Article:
"Right size" the audit committee meeting schedule. 
It's critical to look at the calendar to ensure there are enough official audit committee meetings scheduled to support the audit agenda and any special situations that arise. The committee can also consider scheduling more meetings between the official board meetings, with relevant experts. For example, if there's a technology issue that's arisen and you don't have that expertise on your audit committee—which is a regular occurrence these days—there should be room in the meeting schedule to tap outside resources that can help the committee understand those issues or bring things back online without over-burdening the agenda. 

Tap outside expertise to fill in knowledge gaps and triage agenda items. 
Many corporate boards view themselves as being time constrained and don't reach out to a wider than normal array of resources (both inside and outside the company) to get a holistic perspective of how the company is doing. Taking the time to gain additional insights helps the audit committee to focus meeting time on the right topics for the right amount of time. 

Although there may be ten different issues on the agenda, they should not all receive the same weight or attention. And some of them can drop off for a while, and then come back. For example, there are often issues a board may think are critically important, but once they get outside information on those topics, they realize they have it better covered than they thought. Or, they become aware of other simmering issues. I've had more of the latter experiences, where with the help of outside resources we identified issues that had not fully developed and nipped them in the bud. 

Building time into the calendar for regular engagements with experts inside the company, like the CFO, internal audit, the CRO, the CISO, and other folks who have important perspectives frequently proves as helpful as meetings with outside experts like external auditors. 

Be flexible on the spot to fully accommodate agenda items. 
I once participated in an audit committee meeting that had a crowded agenda and a new audit committee member. That meeting absorbed not just the time that was allocated to the audit committee, but also the time that was allocated to the board meeting immediately following. While it took much more time than expected, after the meeting a few committee members expressed that it was one of the best audit committee meetings that they had participated in. When it's possible, an on-the-spot extension of a meeting time to sufficiently cover a crowded agenda helps ensure committee members are satisfied that critical issues are well in hand.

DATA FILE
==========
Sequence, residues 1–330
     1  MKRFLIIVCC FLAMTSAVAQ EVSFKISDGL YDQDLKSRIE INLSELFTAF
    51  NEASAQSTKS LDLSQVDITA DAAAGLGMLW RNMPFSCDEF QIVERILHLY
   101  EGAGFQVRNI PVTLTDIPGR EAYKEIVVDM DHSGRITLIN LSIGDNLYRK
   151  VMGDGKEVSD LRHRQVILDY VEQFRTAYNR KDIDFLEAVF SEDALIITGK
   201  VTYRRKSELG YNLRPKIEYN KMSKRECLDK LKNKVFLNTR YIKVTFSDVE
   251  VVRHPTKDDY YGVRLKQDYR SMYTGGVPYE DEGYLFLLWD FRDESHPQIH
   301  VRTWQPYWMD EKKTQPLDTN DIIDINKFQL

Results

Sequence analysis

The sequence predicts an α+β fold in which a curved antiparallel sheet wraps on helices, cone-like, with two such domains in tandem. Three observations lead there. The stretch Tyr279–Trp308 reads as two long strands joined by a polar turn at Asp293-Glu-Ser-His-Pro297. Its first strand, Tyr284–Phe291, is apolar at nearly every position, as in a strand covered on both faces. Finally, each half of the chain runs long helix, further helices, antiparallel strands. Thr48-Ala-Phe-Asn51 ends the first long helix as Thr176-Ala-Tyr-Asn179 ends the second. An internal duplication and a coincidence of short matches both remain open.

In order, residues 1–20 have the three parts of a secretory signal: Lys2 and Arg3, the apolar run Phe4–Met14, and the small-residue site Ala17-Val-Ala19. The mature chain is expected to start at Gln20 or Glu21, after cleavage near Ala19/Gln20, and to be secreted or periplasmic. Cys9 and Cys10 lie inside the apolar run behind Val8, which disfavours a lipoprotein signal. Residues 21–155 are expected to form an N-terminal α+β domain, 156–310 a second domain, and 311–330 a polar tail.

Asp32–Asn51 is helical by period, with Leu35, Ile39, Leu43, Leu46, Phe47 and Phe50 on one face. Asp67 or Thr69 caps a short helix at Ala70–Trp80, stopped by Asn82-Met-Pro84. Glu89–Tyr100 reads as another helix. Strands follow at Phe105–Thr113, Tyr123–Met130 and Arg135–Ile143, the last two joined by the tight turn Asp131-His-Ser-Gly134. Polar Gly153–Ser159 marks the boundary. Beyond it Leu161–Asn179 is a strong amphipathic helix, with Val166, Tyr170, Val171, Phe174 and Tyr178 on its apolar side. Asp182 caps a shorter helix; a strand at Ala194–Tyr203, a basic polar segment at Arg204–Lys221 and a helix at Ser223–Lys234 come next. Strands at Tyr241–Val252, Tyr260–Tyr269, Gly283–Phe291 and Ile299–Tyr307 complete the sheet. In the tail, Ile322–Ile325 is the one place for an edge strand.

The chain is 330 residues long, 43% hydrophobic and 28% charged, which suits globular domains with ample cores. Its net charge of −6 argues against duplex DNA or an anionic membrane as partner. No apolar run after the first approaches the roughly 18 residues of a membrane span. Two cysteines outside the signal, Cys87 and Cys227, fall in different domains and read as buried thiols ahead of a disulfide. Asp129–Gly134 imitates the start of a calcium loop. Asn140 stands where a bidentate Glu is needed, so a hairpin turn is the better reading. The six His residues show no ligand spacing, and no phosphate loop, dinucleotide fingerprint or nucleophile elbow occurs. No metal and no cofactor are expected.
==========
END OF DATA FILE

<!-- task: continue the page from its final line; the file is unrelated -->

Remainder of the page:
Q: Is the audit committee the right place for risk management? 

A: No, I don't believe that the audit committee is the right place for risk concerns to land, unless they are related to the audit process. While the audit committee can handle certain risk issues, enterprise risk is a subject that everyone on the board needs to engage in and share their perspectives. There are three topics that the entire board owns: dealing with the CEO and compensation issues, strategy, and risk management. 

A collective effort should be made by the board to gather information from many resources (inside and outside the company), to engage with accounting firms and law firms, to read about all sorts of governance issues and current events. They should position themselves to understand, at a minimum, as much about the company as the CEO understands. Then board members can lift their heads above the treetops and survey the landscape from that perspective to get a sense of the range of risks, and put their heads together as an entire group (not a subset!) to strategize how to address and mitigate those risks. 


Betsy Atkins

Angela Brock-Kyle is founder and CEO of B.O.A.R.D.S., a privately held governance, strategy and risk advisory firm. In addition, Angela sits on public and non-profit boards. She serves as audit chair and member of the nominating and governance committees of Infinity Property and Casualty Corporation (NASDAQ: IPCC); a trustee of Guggenheim's Rydex Funds on the audit, governance and risk and compliance committees; a trustee of the YMCA Retirement Fund on the investment and compensation committees; and formerly served on the audit committee of the United Way. Angela enjoyed a 25-year career with TIAA, where she served as a senior leader in the asset management and risk management organizations.

The views and opinions expressed herein are the views and opinions of the author and do not necessarily reflect those of Nasdaq, Inc.